From the TUC

Government decides on ‘radical rethink’ on getting people misusing drugs and alcohol back to work

21 Jun 2010, by in Society & Welfare

The new Government has decided not to proceed with a controvertial pilot, which would have sanctioned drug users for non-attendance at treatment programmes, and required Jobcentre advisers to assess whether or not claimants could be misusing drugs. In response to a report on the draft regulations, submitted to the DWP by the Social Security Advisory Committee, Ministers “have decided not to take forward previously proposed Welfare Reform Drug Recovery pilots, but instead look at how Government departments can work together to provide the help and support people need to overcome drug and alcohol dependency and get back to work.” This is certainly good news, as the proposed pilot had significant flaws. Claimants who were engaged in treatment faced additional sanctions if they failed to attend part of their programme. For problem drug users with chaotic lifestyles, such a regime would have placed claimants at a high risk of facing multiple sanctions. As well as placing a real administrative burden on treatment providers, this method would therefore have run a high risk of completely disengaging people from the system, forcing them to turn to other sources of income – highlighted by various drugs charities to include crime and prostitution.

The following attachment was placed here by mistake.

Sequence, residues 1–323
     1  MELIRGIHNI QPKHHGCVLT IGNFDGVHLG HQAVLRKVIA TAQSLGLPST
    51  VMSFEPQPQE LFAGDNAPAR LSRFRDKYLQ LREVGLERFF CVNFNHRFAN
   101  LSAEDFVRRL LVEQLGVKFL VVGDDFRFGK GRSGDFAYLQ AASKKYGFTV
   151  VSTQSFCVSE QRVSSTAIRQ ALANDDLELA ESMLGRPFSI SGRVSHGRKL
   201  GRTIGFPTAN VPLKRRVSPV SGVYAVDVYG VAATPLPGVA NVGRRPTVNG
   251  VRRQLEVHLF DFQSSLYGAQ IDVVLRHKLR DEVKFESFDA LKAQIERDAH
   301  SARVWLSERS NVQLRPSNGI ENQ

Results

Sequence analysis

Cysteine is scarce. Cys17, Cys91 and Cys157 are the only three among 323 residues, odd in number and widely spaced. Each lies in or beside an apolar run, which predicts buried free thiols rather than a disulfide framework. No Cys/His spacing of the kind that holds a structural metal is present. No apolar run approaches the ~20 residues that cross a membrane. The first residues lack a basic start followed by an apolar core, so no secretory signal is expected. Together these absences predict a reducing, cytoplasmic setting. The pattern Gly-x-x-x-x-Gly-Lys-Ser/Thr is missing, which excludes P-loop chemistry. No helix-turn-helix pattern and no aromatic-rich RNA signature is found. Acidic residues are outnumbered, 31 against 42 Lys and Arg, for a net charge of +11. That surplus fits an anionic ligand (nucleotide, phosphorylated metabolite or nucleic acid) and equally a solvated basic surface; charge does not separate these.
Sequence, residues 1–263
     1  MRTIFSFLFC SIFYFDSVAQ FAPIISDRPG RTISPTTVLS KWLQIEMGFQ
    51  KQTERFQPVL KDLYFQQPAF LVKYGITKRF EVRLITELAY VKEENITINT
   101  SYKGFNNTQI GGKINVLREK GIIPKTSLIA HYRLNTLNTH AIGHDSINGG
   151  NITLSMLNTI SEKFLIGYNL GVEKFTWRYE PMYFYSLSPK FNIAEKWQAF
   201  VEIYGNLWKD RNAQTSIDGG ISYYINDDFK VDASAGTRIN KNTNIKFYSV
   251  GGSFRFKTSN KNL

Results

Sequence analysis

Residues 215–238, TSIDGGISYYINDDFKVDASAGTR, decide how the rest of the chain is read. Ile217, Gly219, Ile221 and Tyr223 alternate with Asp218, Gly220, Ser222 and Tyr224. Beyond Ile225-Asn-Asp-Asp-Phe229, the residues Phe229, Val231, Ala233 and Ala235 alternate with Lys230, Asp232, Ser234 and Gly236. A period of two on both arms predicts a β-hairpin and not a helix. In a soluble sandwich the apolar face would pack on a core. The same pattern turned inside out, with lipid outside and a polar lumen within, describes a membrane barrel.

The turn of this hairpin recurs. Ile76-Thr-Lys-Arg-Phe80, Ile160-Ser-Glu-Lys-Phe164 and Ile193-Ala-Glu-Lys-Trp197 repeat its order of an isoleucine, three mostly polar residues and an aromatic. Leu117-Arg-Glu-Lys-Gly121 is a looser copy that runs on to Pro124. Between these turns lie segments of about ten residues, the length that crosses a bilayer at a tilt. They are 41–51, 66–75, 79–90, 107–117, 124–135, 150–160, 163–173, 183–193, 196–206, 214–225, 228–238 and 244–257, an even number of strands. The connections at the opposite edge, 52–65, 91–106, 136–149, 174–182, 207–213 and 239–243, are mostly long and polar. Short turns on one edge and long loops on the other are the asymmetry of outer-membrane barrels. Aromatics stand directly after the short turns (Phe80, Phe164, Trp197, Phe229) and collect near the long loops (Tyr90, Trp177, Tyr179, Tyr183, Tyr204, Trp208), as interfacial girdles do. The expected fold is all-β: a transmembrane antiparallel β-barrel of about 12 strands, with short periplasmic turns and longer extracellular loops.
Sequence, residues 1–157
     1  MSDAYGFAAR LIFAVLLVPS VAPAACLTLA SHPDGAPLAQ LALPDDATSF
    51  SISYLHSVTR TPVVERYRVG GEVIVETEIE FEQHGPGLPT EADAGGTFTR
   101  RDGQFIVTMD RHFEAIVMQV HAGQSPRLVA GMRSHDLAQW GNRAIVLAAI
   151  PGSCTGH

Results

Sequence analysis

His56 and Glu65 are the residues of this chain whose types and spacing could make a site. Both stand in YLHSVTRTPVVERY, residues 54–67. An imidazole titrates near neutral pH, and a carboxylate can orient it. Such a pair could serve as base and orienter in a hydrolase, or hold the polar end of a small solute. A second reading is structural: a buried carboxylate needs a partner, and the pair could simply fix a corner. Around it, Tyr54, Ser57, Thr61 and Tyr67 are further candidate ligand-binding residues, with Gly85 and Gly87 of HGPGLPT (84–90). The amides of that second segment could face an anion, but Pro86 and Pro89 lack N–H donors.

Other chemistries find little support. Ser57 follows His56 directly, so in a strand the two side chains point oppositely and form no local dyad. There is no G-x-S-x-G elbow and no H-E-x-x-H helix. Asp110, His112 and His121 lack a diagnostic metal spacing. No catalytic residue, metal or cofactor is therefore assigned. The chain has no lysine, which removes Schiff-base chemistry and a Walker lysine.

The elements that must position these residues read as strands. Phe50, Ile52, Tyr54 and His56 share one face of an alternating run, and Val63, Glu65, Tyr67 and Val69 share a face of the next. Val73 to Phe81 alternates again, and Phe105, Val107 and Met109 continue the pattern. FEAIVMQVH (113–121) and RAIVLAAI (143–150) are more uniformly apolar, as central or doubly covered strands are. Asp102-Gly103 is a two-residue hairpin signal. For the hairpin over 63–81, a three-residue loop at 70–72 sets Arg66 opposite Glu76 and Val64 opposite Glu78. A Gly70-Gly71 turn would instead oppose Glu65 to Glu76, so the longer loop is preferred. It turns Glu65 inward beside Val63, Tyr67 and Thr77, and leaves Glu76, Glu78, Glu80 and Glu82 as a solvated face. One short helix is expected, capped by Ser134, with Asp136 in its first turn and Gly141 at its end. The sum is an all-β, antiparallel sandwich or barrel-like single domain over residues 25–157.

The pilot had also proposed that Personal Advisers (PAs) in Jobcentres would be responsible for identifying whether a claimant was a ‘problem drug user’, and for referring some claimants for mandatory drug tests. This raised clear risks of discrimination and mistreatment for claimants – anyone who ‘looked’ like a problem drug user could find their benefit entitlement contingent on answering mandatory questions about drug use. In addition, his proposal posed significant health and safety risks for PAs and risked significantly undermining the relationship between PAs and claimants.

Perhaps most importantly, given the ethical concerns about the pilot’s operation, the evidence suggests that the approach set out by the pilot doesn’t work. The Scottish Government’s response to SSAC illustrated this point, concluding that:

“any action that is seen to be coercive or inappropriately punitive will not work and such an approach will deter people from either seeking drug treatment or claiming benefits.”

In short, the pilot could have caused serious harm – leading to increased disengagement from treatment services and exacerbating the problem drug use it was supposedly setting out to challenge.

So the decision to shelve the pilot is good news. But what is yet to be seen is what the new Government’s ‘radical’ approach to the problem will involve. Secretary of State Ian Duncan Smith is on record promoting abstinence as the best response to problem drug use. While DrugScope welcomed the pilot’s demise they have also previously stated that while abstinence is a positive outcome, this is only “when it is safely and realistically achievable”. It therefore remains to be seen whether the Coalition’s new approach will be any more evidence based than the previous Government’s proposals – or whether one set of moral judgements will simply be replaced with another.

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